My research interests lie primarily at the intersection of political philosophy, philosophy of language, and social epistemology. Over the past few years, I’ve been especially interested in developing a normative account of democratic public speech that is both realistic and action-guiding in non-ideal democratic contexts. Here are some of the more specific questions I’m interested in:
- What kinds of speech have a positive role to play in the public discourse of divided democracies? In particular, do expressions of negative emotions, such as anger, contribute a distinctive kind of knowledge in such contexts?
- How should we deal with hateful utterances or campaigns of misinformation? Can we neutralize their harms through ‘more speech’, or do they need to be excluded from the public sphere?
- How much of an obstacle do partisan divisions pose for epistemically fruitful deliberation? Specifically, do such divisions undermine the deliberative ideal of democracy?
Below, you can find some of my published and unpublished papers on these topics.
(Forthcoming) Democratic Group Cognition. Philosophy and Public Affairs
Abstract. Group loyalties profoundly influence people’s political judgments, including their judgments about politically relevant scientific matters. Political philosophers have widely argued that this ‘group cognition’ is epistemically misguided—and that, as a result, voters are insufficiently receptive to sound political testimony and argument. This objection, I argue, overlooks several important insights from social epistemology and philosophy of science, regarding: the distinctive experiences involved in being a member of a particular social group; the role of value judgments in scientific testimony; and the positive function of dogmatism in epistemic systems. Drawing on these insights, I demonstrate that group cognition need not endanger the epistemic value of inclusive deliberation.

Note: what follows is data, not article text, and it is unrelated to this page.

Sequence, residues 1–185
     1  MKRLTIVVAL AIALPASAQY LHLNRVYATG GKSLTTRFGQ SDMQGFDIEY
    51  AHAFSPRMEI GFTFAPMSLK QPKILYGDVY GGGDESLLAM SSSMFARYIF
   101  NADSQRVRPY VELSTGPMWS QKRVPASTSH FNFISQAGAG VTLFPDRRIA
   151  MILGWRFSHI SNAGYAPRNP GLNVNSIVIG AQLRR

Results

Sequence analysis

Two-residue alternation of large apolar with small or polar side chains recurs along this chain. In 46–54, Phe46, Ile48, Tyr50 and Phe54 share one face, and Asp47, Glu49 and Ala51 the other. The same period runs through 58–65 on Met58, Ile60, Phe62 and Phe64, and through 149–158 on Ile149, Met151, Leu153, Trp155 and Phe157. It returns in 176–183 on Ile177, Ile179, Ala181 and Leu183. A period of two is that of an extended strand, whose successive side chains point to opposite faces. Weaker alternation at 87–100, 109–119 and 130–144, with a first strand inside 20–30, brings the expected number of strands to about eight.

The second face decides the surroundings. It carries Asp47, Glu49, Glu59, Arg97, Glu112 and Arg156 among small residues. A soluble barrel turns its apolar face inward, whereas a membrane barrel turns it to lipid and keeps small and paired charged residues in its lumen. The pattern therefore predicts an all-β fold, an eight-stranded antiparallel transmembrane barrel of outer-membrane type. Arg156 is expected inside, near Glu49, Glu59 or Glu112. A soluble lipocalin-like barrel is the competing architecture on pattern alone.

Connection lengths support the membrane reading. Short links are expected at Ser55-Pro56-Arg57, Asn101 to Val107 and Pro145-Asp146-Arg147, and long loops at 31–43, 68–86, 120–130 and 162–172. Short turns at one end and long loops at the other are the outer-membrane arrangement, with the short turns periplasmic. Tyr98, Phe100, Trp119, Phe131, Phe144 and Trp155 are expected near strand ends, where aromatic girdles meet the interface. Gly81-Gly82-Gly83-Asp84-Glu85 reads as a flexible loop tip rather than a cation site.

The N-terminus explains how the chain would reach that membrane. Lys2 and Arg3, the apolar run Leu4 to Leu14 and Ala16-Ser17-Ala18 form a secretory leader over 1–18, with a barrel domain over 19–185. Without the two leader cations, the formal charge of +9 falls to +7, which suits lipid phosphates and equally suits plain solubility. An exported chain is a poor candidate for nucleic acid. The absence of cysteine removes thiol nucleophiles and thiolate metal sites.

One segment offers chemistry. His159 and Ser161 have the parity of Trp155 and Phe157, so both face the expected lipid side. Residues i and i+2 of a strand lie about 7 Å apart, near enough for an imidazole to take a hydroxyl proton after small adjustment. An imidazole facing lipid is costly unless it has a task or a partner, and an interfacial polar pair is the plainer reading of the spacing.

Can ‘More Speech’ Counter Ignorant Speech? 2019. Journal of Ethics and Social Philosophy. Access here.
Abstract. Ignorant speech—speech which actively disseminates falsehoods about people or policies—is pervasive in public discourse. A popular response to this problem recommends countering ignorant speech with more speech, rather than legal regulations. However, philosophers of language have influentially argued that this ‘counterspeech’ response is flawed, as it overlooks the asymmetric pliability of conversational norms: the phenomenon whereby some conversational norms are easier to enact than to reverse. After demonstrating that this conversational ‘stickiness’ is an even broader concern for counterspeech than critics suggests—it applies not just to hate speech, but also to policy-related misinformation—I argue that a more refined account of counterspeech can nevertheless overcome it. By distinguishing ‘negative’ from ‘positive’ forms of counterspeech, and by developing a more sophisticated account of the temporality of counterspeech, I show how we can counter ignorant speech without triggering the properties that render it sticky.
Rage Inside the Machine: Defending the Place of Anger in Democratic Speech. Politics, Philosophy & Economics, 2018. Access here.